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Transgender athlete to speak for ‘Coming Out Week’

First openly transgender NCAA athlete to share story

Published: Sunday, October 6, 2013

Updated: Sunday, October 6, 2013 22:10

Kye Allums

Courtesy

Kye Allums will speak Thursday as part of Coming Out Week.

As the keystone of the GLBT Resource Center’s celebration of Coming Out Week, Texas A&M will host speaker Kye Allums, the first openly transgender NCAA Division I athlete.

The event will be held in the auditorium of the Interdisciplinary Life Sciences Building on at 7 p.m. Thursday. Allums is a former student-athlete at George Washington University.

Allums, who played for the George Washington University basketball team, came out publicly in 2010. His address will focus on his journey and experiences, as well as how to be a better ally to transgender men and women.

“This event provides an opportunity to learn more about gender identity and how we can support transgender members of our community,” said Carolyn Sandoval, president of Aggie Allies. “Hearing peoples’ stories opens up the possibility for greater understanding and creates an opportunity for us to connect with each other and our collective humanity.”

Before the address, Allums will conduct a small workshop for those interested in becoming a better ally to transgender-identified students around campus. Space is limited to 40 people, a fact that Sidney Gardner, program coordinator for the GLBT Resource Center, said will create a hands-on learning environment for those in attendance.

“We really want it to be a really interactive experience for people,” Gardner said. “I think that particularly for this workshop, the focus is how to be a better ally to transgender people and so this particular workshop is meant for people who want to have that experience and broaden their understanding of what it means to be an ally.”

Allums’ address, as part of his “Transition Tour,” seeks to provide the larger Aggie community with the understanding of what it means to be transgender in higher education, as well as educate faculty and students about transgender identity issues. Gardner said Allums’ experience in these situations allows him a unique perspective into the trials of transgender students.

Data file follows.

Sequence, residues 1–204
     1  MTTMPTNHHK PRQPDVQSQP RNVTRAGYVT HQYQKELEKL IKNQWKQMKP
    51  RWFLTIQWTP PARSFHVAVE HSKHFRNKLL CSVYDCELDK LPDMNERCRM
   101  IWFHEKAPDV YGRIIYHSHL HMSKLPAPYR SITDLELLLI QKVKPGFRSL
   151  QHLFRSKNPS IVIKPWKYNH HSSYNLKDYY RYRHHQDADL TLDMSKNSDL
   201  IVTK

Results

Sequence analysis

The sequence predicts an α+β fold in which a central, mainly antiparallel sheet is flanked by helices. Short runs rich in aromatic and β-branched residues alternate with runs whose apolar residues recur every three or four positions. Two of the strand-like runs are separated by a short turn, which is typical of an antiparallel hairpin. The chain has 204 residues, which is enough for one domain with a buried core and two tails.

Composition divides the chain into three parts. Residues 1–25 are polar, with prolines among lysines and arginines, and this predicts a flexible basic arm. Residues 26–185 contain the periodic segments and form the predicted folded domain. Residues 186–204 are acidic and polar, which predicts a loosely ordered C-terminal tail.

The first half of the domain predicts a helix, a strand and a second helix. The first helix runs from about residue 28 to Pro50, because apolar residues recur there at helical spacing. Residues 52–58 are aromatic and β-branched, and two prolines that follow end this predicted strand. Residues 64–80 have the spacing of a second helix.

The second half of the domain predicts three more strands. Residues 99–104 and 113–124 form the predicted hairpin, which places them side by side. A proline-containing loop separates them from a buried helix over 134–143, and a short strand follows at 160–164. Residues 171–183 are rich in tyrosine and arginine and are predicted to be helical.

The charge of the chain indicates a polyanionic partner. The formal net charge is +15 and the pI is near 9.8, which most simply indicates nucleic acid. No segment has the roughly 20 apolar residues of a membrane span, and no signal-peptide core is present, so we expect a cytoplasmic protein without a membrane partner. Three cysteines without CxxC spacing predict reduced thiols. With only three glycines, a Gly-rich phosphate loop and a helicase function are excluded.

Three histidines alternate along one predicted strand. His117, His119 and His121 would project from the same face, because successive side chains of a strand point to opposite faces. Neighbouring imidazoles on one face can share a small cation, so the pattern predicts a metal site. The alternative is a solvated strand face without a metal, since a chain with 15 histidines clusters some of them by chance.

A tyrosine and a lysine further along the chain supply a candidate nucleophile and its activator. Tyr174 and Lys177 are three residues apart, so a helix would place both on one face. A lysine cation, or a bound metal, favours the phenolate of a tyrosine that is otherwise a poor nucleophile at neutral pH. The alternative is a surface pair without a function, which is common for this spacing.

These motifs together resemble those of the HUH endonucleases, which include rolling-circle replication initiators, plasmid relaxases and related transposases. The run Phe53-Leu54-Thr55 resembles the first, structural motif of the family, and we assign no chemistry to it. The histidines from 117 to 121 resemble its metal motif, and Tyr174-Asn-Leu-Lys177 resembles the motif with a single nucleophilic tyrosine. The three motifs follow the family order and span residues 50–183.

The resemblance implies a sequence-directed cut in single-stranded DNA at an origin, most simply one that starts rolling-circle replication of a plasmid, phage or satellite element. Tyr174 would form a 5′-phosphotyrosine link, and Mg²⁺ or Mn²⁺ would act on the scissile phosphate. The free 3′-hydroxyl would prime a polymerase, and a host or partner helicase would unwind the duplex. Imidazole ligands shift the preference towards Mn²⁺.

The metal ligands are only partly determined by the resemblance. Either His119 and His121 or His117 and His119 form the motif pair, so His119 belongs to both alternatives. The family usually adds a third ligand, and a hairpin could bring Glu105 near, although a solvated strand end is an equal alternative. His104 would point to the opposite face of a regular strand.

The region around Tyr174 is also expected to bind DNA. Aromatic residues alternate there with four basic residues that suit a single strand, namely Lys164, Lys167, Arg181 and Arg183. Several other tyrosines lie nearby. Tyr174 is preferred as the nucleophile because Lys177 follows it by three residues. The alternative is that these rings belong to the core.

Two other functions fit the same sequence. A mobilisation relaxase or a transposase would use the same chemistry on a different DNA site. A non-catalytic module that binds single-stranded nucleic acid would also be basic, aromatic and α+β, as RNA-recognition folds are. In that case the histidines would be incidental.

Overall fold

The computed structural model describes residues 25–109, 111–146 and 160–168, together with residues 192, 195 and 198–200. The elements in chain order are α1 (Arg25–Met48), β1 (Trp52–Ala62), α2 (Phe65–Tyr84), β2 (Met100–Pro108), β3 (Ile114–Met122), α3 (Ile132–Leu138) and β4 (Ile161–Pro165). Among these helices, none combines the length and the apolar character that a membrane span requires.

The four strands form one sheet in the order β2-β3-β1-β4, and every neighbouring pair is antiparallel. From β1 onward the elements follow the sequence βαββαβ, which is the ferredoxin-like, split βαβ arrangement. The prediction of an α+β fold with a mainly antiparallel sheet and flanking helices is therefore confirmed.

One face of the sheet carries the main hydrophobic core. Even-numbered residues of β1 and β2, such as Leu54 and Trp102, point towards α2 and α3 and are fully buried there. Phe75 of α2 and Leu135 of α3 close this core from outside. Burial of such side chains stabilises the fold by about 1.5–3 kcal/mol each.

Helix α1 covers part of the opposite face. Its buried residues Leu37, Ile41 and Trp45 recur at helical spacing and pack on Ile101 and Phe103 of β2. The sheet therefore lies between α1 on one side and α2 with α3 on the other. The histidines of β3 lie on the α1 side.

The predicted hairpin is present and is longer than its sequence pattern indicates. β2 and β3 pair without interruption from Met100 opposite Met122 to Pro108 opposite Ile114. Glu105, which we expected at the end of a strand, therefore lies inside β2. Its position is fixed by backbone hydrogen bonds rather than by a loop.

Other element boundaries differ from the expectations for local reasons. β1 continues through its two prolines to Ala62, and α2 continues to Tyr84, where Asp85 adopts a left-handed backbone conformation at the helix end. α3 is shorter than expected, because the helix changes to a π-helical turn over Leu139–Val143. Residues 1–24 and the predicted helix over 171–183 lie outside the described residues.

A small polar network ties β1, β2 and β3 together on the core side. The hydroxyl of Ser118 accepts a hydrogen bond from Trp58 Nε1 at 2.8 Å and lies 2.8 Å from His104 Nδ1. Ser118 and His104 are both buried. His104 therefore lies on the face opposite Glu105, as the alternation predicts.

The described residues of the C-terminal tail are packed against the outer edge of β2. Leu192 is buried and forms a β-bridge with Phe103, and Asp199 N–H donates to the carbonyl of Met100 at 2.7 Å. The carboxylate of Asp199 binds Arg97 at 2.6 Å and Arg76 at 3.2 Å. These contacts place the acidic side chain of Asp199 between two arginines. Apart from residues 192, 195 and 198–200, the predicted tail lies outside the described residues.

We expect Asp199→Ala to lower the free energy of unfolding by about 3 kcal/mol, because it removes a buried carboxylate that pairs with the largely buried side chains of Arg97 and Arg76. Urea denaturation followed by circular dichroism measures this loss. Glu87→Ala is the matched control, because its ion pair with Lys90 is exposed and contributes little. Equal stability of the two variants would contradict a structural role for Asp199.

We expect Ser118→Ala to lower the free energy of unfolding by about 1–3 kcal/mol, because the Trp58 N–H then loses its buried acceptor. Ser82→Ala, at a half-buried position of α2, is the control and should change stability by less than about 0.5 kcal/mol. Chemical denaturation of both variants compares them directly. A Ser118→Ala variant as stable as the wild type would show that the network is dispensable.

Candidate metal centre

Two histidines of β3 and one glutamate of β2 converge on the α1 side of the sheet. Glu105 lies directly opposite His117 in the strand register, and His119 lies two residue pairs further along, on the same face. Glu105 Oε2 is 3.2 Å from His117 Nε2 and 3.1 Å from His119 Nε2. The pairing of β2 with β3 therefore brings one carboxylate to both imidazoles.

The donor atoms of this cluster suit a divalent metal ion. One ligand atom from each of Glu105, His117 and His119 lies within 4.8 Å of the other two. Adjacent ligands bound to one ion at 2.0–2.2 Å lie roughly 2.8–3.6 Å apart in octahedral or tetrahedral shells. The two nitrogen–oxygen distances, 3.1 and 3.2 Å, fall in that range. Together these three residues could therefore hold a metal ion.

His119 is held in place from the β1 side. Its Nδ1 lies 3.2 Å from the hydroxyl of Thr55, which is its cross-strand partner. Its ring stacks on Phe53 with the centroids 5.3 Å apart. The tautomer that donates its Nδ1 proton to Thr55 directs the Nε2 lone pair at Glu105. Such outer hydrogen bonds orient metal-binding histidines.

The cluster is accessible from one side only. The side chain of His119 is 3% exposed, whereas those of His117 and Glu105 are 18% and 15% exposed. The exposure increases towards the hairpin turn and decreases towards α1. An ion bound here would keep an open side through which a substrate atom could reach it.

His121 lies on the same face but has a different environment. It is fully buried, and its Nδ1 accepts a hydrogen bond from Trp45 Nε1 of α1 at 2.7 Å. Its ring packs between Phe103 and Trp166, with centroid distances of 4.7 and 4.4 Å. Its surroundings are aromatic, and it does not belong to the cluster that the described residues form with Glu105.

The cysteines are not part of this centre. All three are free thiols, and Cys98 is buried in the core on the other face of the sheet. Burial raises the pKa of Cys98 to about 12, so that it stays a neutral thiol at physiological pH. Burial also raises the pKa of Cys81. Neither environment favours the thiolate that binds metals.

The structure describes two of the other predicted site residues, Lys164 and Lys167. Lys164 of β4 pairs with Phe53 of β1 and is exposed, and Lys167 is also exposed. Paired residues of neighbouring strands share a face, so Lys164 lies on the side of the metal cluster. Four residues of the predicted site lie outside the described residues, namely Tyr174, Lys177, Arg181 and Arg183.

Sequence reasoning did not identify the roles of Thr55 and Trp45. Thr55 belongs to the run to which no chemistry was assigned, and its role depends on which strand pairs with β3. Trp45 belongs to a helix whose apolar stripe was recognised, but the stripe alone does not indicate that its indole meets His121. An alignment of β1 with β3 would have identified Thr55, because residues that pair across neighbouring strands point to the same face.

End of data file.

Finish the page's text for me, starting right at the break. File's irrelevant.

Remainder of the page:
“I think people will gain some more understanding around some of the issues related to our transgender students trying to navigate the higher education environment, whether that be in the athletics realm or navigating a college environment in general,” Gardner said. “I think that can be a very powerful experience, hearing from someone who’s been through that firsthand, and also understands some of the broader pictures of what it means to be a transgender student on a college campus.”

While the Resource Center plans many events that focus on the LGBT Community, Allums’ event speaks on a topic not readily discussed around Texas A&M.

“We haven’t done a lot in the way of talking about the experiences of transgender-identified people on our campus, so I thought that this would be the perfect opportunity, and in particular because he focuses so much of what he talks about around helping us understand what it means to be inclusive for our transgender students,” Gardner said.

Angela Ghazizadeh, junior political science major, said the main reason she is excited for Allums’ address is because she knows that he has a lot of wisdom to offer.

“I want to learn how to be a better trans-ally,” Ghazizadeh said. “I think it’s important that there is more visibility about transgender issues in the community.” 

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